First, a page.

In diffuse reflection, light incident on a surface is scattered equally in all directions. When this kind of reflection occurs, a surface has a "dull" or "matte" appearance. Diffuse reflectors obey Lambert's law of light reflection, which states that the intensity of reflected light is times the intensity of the incident light, where is the angle between the incident light direction and the surface normal vector. Note that when , there is no reflected light.

In specular reflection, a surface reflects light in a mirror-like way. As a result, the surface has a "shiny" or "gloss" appearance. With a perfect mirror, light incident at a particular angle is reflected at exactly the same angle. Most materials, however, scatter light to some extent, and so lead to reflected light that is distributed over a range of angles. Mathematica allows you to specify how broad the distribution is by giving a specular exponent, defined according to the Phong lighting model. With specular exponent , the intensity of light at an angle away from the mirror reflection direction is assumed to vary like . As , therefore, the surface behaves like a perfect mirror. As decreases, however, the surface becomes less "shiny", and for , the surface is a completely diffuse reflector. Typical values of for actual materials range from about 1 to several hundred.

Glow is light radiated from a surface at a certain color and intensity of light that is independent of incident light.

Most actual materials show a mixture of diffuse and specular reflection, and some objects glow in addition to reflecting light. For each kind of light emission, an object can have an intrinsic color. For diffuse reflection, when the incident light is white, the color of the reflected light is the material's intrinsic color. When the incident light is not white, each color component in the reflected light is a product of the corresponding component in the incident light and in the intrinsic color of the material. Similarly, an object may have an intrinsic specular reflection color, which may be different from its diffuse reflection color, and the specularly reflected light is a component-wise product of the incident light and the intrinsic specular color. For glow, the color emitted is determined by intrinsic properties alone, with no dependence on incident light.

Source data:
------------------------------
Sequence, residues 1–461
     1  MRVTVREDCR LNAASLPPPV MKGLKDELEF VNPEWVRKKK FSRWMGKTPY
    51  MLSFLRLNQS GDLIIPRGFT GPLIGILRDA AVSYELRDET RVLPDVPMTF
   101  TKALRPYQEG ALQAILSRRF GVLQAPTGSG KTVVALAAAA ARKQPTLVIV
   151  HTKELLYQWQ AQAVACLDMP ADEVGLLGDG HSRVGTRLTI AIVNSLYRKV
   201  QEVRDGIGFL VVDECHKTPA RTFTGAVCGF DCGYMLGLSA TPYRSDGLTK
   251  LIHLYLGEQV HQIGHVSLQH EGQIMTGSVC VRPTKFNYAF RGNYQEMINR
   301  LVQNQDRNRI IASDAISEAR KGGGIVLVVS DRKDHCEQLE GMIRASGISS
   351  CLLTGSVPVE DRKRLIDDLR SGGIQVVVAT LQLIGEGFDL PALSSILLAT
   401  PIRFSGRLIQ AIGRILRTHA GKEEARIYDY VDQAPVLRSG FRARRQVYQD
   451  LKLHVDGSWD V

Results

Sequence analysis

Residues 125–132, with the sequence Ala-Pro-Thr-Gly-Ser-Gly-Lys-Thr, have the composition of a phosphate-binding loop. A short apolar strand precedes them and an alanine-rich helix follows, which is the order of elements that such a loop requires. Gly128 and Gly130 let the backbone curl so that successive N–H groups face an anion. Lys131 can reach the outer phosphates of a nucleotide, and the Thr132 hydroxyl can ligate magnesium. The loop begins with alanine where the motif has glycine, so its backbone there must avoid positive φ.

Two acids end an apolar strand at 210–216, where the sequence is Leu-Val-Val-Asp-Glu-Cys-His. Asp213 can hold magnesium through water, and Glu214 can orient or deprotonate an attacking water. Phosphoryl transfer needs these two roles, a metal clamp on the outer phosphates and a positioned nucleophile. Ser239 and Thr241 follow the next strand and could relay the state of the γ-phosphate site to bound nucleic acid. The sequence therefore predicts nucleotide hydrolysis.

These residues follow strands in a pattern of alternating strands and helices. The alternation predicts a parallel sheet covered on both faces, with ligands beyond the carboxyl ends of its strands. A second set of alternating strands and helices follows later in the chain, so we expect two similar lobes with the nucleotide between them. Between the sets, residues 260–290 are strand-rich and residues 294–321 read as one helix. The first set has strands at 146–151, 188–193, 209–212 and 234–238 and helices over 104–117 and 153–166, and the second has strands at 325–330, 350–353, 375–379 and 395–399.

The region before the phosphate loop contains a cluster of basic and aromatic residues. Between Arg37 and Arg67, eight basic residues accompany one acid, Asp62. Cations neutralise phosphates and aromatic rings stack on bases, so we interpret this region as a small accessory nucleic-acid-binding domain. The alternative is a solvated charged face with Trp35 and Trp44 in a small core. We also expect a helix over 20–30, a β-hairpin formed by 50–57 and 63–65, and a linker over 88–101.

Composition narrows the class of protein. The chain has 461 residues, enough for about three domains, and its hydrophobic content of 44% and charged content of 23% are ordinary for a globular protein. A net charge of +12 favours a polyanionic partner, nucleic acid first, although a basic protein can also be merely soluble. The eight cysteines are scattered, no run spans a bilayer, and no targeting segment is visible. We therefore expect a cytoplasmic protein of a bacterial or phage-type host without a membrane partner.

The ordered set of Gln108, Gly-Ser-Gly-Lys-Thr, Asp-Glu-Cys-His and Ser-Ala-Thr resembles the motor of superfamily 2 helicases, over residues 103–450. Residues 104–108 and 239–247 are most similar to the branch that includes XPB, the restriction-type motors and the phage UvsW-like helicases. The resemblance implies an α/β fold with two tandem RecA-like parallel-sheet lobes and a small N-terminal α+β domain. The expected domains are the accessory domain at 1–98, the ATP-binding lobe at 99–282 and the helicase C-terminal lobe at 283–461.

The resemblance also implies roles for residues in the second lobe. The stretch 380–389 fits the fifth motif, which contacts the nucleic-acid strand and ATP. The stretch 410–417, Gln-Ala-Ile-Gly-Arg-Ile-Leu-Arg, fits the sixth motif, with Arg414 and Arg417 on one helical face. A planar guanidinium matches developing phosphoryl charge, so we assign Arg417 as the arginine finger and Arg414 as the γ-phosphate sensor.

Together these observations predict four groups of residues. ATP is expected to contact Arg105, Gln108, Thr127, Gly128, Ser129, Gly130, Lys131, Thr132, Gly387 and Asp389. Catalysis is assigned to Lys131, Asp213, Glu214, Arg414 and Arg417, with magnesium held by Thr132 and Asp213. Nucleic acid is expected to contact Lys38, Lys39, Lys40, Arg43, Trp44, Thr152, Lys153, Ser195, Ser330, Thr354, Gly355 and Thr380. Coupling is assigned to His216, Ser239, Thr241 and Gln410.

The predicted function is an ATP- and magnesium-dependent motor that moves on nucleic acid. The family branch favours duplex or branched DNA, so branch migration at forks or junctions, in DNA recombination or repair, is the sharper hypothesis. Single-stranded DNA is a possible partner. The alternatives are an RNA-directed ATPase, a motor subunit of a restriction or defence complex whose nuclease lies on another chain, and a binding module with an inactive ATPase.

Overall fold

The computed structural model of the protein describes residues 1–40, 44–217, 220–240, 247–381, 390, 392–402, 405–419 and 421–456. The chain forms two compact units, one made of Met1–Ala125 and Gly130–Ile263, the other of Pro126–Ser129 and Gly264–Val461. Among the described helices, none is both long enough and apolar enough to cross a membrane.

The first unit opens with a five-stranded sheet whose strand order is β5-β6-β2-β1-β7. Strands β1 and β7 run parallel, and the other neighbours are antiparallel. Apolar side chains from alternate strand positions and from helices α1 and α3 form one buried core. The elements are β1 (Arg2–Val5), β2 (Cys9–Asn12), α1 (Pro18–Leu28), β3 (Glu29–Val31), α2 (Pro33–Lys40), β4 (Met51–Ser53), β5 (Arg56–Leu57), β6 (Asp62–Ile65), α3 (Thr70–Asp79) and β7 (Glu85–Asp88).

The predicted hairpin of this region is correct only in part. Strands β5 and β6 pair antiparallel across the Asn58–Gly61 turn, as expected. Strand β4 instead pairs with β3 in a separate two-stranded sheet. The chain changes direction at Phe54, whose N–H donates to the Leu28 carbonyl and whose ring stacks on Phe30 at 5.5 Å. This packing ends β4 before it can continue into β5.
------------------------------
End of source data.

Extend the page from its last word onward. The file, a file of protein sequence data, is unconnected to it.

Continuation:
In Mathematica, you can specify light properties by giving any combination of diffuse reflection, specular reflection, and glow directives. To get no reflection of a particular kind, you may give the corresponding intrinsic color as Black, or GrayLevel[0]. For materials that are effectively "white", you can specify intrinsic colors of the form GrayLevel[a], where a is the reflectance or albedo of the surface.

GrayLevel[a]matte surface with albedo a
RGBColor[r,g,b]matte surface with intrinsic color
Specularity[spec,n]surface with specularity spec and specular exponent n; spec can be a number between 0 and 1 or an RGBColor specification
Glow[col]glowing surface with color col

Specifying surface properties of lighted objects.

This shows a sphere with the default matte white surface, illuminated by several colored light sources.
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This makes the sphere have low diffuse reflectance, but high specular reflectance. As a result, the sphere has a "specular highlight" near the light sources, and is quite dark elsewhere.
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When you set up light sources and surface colors, it is important to make sure that the total intensity of light reflected from a particular polygon is never larger than 1. You will get strange effects if the intensity is larger than 1.